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2010 Potpourri VI

By February 20, 2010Commentary

America’s Health Insurance Plans is the trade association for most of the commercial health plan companies in the United states.  It has attempted to use the association not just for public policy but to encourage its members to find solutions to health care issues.  One such effort was announced recently, a collaboration of health plans in New Jersey to use a single portal for physicians to conduct administrative activities in regard to the plans.   (AHIP Release) The insurers represent 95% of commercial members and this initiative, which allows eligibility and benefit checks real-time, claim submission, and claims status checks, should be helpful to physicians in lowering the time and expense associated with getting paid.

Comparative effectiveness research has been pushed as one significant method to ensure only appropriate care is delivered, presumably lowering costs and improving quality.  A Wall Street Journal article demonstrates how hard that may be to achieve in practice.  (WSJ Article) The Journal article focuses on stents and a trial which showed they had little benefit for certain patients as opposed to treatment with drugs.  If the trial’s results were used to guide medical care, as much as $5 billion a year could be saved.  Doctors, however, have every financial incentive to keep using the stents (the average interventional cardiologist makes $500,000 a year) and the stent manufacturers are certainly not going to discourage their use.  As the article notes, unless policymakers provide payers with cover for using the results of trials, it will be hard for them to take on physicians and product companies over appropriate care issues.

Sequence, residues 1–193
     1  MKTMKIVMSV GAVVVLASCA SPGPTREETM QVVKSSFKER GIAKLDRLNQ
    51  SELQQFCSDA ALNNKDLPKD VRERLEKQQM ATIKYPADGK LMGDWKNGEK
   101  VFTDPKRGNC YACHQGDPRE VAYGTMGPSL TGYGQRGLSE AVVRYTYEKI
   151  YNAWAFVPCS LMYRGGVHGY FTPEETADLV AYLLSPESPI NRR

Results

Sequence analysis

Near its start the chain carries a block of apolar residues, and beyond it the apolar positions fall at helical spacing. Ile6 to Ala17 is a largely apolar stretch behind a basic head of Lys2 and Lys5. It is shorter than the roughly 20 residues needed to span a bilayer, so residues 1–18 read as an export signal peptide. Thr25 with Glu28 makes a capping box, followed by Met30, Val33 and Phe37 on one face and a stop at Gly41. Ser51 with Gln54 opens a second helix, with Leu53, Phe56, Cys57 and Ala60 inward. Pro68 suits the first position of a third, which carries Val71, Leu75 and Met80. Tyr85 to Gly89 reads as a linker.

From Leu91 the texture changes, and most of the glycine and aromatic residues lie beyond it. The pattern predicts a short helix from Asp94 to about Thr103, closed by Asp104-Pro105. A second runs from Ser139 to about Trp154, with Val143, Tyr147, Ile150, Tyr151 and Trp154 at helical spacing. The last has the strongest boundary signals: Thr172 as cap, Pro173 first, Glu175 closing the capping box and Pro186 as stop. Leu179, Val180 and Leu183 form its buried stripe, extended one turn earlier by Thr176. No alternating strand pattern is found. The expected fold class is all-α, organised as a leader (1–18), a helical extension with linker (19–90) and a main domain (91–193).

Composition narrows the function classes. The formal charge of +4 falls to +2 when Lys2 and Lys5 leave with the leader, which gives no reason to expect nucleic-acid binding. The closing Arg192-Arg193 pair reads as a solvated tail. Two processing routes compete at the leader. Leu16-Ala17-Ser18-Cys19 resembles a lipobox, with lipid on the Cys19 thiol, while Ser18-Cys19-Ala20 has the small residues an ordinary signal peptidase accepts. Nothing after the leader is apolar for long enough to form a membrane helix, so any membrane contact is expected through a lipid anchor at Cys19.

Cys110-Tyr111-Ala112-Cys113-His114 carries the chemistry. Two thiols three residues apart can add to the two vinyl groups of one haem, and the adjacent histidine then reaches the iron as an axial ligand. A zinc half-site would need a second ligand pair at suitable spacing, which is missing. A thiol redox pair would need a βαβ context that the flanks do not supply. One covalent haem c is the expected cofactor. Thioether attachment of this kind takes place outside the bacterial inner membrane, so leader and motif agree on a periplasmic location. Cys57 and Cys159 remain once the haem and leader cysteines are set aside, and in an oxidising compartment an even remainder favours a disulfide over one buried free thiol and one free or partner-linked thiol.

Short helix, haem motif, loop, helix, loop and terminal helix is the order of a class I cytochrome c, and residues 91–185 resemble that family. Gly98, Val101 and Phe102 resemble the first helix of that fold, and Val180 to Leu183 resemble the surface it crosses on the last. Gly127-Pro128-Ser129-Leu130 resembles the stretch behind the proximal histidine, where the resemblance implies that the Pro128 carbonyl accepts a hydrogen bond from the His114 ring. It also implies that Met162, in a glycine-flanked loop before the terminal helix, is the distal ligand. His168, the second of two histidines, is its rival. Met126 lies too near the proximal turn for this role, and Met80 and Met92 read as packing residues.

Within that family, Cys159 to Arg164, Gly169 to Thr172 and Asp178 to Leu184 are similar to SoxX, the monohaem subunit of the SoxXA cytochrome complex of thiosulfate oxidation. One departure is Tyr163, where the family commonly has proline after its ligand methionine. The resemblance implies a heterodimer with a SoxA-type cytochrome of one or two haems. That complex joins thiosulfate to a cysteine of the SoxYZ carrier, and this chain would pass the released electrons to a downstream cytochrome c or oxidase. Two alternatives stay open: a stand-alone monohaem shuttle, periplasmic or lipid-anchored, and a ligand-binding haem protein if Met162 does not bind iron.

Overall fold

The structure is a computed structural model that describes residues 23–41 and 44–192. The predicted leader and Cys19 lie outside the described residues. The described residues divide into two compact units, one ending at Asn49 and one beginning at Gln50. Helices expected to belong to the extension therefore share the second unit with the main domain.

Another Wall Street Journal article describes a new blood test that will help guide cancer treatment.  (WSJ Article) One of the significant hurdles to effective cancer treatment is deciding when it is or isn’t likely that a patient has been cured or is likely to relapse.  Knowing the answer can help avoid unnecessary chemo or radiation therapy or ensure that a patient’s disease is treated aggressively.  Researchers at Johns Hopkins used the DNA from a patient’s cancer cells to determine whether the cancer had likely been eradicated.  The genetic test looked specifically at certain code rearrangements and found a clear correlation with the cancer status.  The ability to use such tests in routine clinical practice is facilitated by the sharp fall in the cost of sequencing.

A study published in the Public Library of Science Medicine examines whether greater use of value based insurance designs could improve health and  reduce health.  (PLoS Study) The essence of such designs is that treatments shown to be cost effective and health improving would have reduced patient cost sharing and those that do not fit this category would have higher copays and deductibles.  The study used a model to see what the likely effect of widespread use of this benefit design would be.  The most interesting finding may be that about 60% of health expenditures are on low-value services.  The study concludes that value based insurance design could improve health and savings used to expand access without increasing costs.

A Journal of the American Medical Association commentary recommends use of population-wide improvement measures and programs as a method to improve quality and coordination of care.  (JAMA Commentary) The author believes that focusing only on incentive programs aimed at individual hospitals or physicians, an opportunity is being missed.  Incentives that are measured by improvement in all persons in a geographic area would force greater cooperation and lead to better care for more people.  Regional and provider variation in care would also likely be reduced.

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